Heiner Skaliks is the portfolio manager of the Strategic Latin America Fund (SLATX) and CEO of the advisor, Strategic Asset Managements, Ltd. He also spent three years at the International Finance Corporatioin (part of the World Bank Group) overseeing financial sector technical assistance projects in Latin America and the Caribbean. Between 2000-2003, Mr. Skaliks created and managed a mutual fund company. Prior to that, he was the CEO and portfolio manager of a Bolivian mutual fund, broker-dealer, and boutique investment bank. He started his career with Banco Mercantil SA in 1996, overseeing a diverse loan portfolio (from microcredit to corporate loans). Mr. Skaliks holds a BS in mechanical engineering and MBA with a concentration in finance, both from the University of Notre Dame and an MPA with a methodological area of concentration in macroeconomics and financial markets from Harvard University.
Much of the region has rebounded from the turmoil of years past, and there are a number of positives to investing there now that people may not know about, explains Heiner Skaliks.
We’re here today with Heiner Skaliks, and we’re talking about Latin American investing. It’s kind of gotten lost in all of the European discussions and the slowing of China and all of these other things, but there is a really interesting story there that people are missing, don’t you think?
Indeed. I think Latin America has been overlooked for the last 20 or 30 years, and that probably is a consequence of the fact that at the time, Latin America was undergoing several different structural social and political reforms.
I always do refer to the three ghosts that plague Latin America, one of them being hyperinflation where rates used to hit as much as $25,000%. I remember I had to go spend my allowance that same day because by the time I got to the store, the price would change.
You also had political instability. Basically, we were going through a new president every other week, and depending on which country you were in and which Latin American region you were in, there was tremendous political instability.
You also had the foreign exchange rate volatility where a dinner for two could cost you $2 in a country and you went back to the same restaurant two months later and that same dinner cost you $200. So those are the three ghosts that I think plagued the region, and I think we have overcome them now.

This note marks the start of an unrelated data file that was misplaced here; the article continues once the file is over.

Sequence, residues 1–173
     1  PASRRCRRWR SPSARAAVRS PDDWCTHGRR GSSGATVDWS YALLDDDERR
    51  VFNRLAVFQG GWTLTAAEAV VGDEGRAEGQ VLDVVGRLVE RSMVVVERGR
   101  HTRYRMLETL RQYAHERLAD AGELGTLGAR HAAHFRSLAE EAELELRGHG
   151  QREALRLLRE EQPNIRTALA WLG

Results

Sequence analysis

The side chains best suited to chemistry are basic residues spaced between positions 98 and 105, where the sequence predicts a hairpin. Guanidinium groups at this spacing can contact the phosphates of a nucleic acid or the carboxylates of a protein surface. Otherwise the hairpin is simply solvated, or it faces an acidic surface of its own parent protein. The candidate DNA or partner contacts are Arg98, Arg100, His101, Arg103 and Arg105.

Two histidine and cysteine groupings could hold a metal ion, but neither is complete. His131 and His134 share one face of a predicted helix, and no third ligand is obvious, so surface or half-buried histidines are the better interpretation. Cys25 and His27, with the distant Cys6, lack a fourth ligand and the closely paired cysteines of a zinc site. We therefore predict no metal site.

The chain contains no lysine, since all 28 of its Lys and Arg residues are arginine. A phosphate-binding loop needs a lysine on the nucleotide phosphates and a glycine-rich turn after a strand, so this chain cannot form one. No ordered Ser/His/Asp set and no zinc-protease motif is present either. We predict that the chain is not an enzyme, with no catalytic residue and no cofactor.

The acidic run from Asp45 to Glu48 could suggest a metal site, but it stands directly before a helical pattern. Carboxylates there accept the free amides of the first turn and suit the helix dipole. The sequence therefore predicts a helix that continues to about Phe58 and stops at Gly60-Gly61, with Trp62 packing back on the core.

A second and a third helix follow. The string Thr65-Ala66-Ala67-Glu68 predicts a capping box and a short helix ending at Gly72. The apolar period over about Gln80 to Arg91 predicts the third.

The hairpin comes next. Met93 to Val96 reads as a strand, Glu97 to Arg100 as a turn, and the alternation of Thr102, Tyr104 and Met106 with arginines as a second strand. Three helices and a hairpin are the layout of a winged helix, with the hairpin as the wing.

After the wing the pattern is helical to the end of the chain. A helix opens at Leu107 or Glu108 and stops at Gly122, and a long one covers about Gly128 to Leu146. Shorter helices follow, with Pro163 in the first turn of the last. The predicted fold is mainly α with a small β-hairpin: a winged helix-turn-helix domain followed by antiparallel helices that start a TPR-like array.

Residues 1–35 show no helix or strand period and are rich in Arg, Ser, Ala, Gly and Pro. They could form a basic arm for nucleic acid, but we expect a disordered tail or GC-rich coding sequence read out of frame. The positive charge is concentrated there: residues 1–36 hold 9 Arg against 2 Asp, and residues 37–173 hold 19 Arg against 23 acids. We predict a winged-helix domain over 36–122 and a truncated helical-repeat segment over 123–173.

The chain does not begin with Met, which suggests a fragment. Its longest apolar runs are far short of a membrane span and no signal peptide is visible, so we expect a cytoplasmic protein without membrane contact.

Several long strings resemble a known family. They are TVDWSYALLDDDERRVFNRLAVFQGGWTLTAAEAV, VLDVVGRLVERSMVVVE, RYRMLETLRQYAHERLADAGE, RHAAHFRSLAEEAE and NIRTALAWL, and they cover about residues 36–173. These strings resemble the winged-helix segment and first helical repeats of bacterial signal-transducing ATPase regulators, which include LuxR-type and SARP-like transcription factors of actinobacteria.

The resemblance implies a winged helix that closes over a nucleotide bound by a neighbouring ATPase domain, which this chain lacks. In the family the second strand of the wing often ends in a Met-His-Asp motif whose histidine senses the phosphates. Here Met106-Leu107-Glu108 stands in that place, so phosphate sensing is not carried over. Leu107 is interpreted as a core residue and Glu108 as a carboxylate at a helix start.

Yeah, I remember back in the 80s that they used to write prices on chalkboards.
That’s right. That was an easy way to update them, and they started to update the dollar reference as well, wherein the prices were referred to in US dollars. It was better to just make the conversion right there and then, but you fixed the real price in US dollar terms.
What else do you see going on in Latin America that investors are missing?
The fact that we’re on the ground. The fact that we travel throughout the region in different countries. What we’ve seen is a more aggressive regional expansion on behalf of companies.
Rather than focusing on just the US market, what Latin American companies are doing is focusing on the countries that they underserved or focusing on portions of the population that they have not reached and aiming at that segment of the population. There are still significant underserved portions in financial services, for example. There is a tremendous housing deficit, a tremendous infrastructure deficit so the companies are starting to focus on these.
We ran some numbers based on correlation, and the markets between certain Latin American markets and the US market and some were as low as 0.1%, meaning that only one out of ten times whatever happens in the US will happen in the Latin American market. So that’s a very interesting correlation and diversification play for a portfolio.